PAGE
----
Published: Mon, July 23, 2018
Science | By Celia Watts

Astronomers discover 12 more moons orbiting Jupiter, including an 'oddball'

Astronomers discover 12 more moons orbiting Jupiter, including an 'oddball'

Nine of the newly discovered moons are part of an outer group that orbit in the opposite, or retrograde, direction of Jupiter's spin, taking about two years to complete one trip around the planet. The lost moons were initially sighted in 2003, but scientists could not define their exact orbits and lost track of them.

Valetudo is more than just the odd moon out; it's also a serious collision hazard. For greater detail, a spacecraft is needed.

The moons were discovered while astronomers were searching for objects at the edge of the solar system, according to Scott Sheppard, a scientist at the Carnegie Institution for Science who co-authored the study. "It probably has collided with them over time".

So, unlike the closer-in prograde group of moons, this prograde moon has an orbit that crosses the outer retrograde moons.

"It's like driving in a auto and looking out the window, with highway signs flying by and a mountain in the background moving slowly", Sheppard explained.

He believes that there may be more astronomical secrets found near the large planet. Imagine how surprised he would be today to know that the Solar System's largest planet is now known to have 79 satellites. While Jupiter, the fifth planet from the Sun, has large moons such as Ganymede - the biggest in the solar system with a diameter of 3,273 miles (5,268 km) - the new ones range in size from about six-tenths of a mile (1 km) to 2.5 miles (4 km).

They discovered the 12 moons, but the observation and confirmation process, using multiple telescopes, took about a year. They make one revolution around the planet in two years. The researchers think they're what's left of three larger bodies that broke apart after running into comets or asteroids. These two newly discovered moons take a little less than a year to travel around Jupiter.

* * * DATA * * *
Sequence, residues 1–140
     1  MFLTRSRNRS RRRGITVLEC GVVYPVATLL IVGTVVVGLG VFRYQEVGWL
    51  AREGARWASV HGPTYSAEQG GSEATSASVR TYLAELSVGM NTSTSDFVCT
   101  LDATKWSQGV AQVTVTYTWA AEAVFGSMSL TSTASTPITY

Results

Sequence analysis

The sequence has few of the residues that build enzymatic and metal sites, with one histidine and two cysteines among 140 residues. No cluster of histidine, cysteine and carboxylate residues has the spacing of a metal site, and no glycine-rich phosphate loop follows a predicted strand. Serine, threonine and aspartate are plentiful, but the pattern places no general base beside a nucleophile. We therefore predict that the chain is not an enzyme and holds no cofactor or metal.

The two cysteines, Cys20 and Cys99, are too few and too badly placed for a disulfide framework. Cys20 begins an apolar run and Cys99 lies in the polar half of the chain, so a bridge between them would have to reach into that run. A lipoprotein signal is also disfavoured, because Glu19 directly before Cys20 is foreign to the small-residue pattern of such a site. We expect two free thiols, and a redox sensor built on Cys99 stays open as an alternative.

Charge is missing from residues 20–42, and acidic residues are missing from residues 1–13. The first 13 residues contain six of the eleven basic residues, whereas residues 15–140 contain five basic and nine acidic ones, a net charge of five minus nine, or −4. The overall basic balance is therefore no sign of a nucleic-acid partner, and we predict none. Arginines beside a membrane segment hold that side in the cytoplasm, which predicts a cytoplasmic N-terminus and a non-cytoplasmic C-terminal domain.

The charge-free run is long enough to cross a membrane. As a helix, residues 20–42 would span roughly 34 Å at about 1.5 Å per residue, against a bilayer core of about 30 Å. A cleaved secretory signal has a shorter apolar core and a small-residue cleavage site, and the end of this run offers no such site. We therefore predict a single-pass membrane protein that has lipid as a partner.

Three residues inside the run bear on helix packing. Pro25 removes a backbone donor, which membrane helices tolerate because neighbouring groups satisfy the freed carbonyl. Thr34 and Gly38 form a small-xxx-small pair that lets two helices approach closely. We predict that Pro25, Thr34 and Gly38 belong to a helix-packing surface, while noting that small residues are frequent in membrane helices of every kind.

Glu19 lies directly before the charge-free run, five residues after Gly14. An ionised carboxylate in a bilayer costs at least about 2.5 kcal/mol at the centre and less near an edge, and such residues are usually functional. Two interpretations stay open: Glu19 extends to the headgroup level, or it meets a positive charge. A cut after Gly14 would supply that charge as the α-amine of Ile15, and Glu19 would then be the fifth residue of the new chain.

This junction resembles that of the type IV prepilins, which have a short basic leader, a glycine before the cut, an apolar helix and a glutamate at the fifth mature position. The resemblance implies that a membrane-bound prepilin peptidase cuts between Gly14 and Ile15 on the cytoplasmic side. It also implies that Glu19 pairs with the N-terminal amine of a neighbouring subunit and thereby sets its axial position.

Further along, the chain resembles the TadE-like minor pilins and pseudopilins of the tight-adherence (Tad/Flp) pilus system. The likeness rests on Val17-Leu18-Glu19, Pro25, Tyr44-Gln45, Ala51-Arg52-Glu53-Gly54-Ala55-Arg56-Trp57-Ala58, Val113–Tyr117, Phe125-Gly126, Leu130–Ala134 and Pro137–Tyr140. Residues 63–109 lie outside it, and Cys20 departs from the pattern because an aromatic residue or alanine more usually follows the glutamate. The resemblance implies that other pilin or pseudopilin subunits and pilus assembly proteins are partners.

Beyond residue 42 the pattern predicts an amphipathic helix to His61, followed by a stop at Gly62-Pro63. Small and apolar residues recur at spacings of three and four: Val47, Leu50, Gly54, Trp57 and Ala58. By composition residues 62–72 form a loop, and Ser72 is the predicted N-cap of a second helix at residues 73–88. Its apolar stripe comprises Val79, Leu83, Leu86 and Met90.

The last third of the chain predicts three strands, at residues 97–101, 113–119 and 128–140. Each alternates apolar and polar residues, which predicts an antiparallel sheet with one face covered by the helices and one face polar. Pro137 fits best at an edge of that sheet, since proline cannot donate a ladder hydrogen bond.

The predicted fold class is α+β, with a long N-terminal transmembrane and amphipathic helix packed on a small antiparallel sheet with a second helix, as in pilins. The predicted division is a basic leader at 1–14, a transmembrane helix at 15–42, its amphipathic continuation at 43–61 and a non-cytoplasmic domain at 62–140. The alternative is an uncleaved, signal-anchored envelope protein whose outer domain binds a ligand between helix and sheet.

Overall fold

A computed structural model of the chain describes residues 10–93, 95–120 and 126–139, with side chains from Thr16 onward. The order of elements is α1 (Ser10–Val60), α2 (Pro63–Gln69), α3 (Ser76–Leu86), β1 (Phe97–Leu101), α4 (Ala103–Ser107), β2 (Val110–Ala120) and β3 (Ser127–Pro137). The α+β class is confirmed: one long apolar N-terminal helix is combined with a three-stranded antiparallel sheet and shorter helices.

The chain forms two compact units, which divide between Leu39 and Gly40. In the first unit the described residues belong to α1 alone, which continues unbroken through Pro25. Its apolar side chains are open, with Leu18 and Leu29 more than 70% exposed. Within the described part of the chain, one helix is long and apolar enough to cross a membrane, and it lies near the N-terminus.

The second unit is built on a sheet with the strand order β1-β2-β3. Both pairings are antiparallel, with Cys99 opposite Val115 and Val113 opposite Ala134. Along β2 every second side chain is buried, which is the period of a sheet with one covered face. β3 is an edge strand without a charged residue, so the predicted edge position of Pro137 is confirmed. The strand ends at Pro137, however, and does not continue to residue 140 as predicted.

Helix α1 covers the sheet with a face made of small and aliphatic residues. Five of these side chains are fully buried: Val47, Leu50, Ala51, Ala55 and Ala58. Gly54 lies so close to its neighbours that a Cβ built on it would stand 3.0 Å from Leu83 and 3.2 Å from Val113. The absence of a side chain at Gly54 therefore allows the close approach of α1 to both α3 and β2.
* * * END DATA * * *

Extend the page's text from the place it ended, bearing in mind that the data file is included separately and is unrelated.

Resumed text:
In addition to these two groups, Jupiter has "regular" satellites, or moons with almost circular orbits.

Tabetha Boyajian, an astrophysicist at Louisiana State University in Baton Rouge who is not part of the crew, called the verdict of the new moons "cool" in an email.

In terms of what it should be called, one of the leading suggestions has been Valetudo, the goddess of health and hygiene, and the great-granddaughter of the Roman god Jupiter. What's more, those orbits intersect. "He told NBC News MACH in an email "'Valetudo' is like running the highway on the wrong side of the road". Over the course of a billion years, it may even cease to exist.

The remarkable chance find brings the gas giant's tally of moons to a whopping 79 compared with 62 for Saturn, the planet with the second most. The planet must have acted like a vacuum, sucking up all the material that was around it.

Because it's orbiting in the opposite direction of the nine "new" retrograde moons, and across their paths, there is a high risk that it will hit one of them, according to the statement.

There are almost 200 moons in our solar system. Even though these are objects in our own solar system, the observations were challenging.

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